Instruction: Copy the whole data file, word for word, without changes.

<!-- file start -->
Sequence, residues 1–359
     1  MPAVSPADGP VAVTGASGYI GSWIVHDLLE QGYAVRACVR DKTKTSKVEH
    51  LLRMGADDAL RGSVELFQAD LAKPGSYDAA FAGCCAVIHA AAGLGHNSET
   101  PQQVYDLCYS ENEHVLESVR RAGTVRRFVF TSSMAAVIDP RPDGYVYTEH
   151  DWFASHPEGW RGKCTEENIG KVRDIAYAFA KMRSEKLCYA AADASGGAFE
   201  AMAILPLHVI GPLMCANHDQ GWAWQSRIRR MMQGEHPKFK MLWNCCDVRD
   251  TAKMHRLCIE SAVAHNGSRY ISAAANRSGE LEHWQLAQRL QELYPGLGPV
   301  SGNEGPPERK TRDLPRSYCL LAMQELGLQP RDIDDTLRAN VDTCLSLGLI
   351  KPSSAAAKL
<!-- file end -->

Sequence, residues 1–359
     1  MPAVSPADGP VAVTGASGYI GSWIVHDLLE QGYAVRACVR DKTKTSKVEH
    51  LLRMGADDAL RGSVELFQAD LAKPGSYDAA FAGCCAVIHA AAGLGHNSET
   101  PQQVYDLCYS ENEHVLESVR RAGTVRRFVF TSSMAAVIDP RPDGYVYTEH
   151  DWFASHPEGW RGKCTEENIG KVRDIAYAFA KMRSEKLCYA AADASGGAFE
   201  AMAILPLHVI GPLMCANHDQ GWAWQSRIRR MMQGEHPKFK MLWNCCDVRD
   251  TAKMHRLCIE SAVAHNGSRY ISAAANRSGE LEHWQLAQRL QELYPGLGPV
   301  SGNEGPPERK TRDLPRSYCL LAMQELGLQP RDIDDTLRAN VDTCLSLGLI
   351  KPSSAAAKL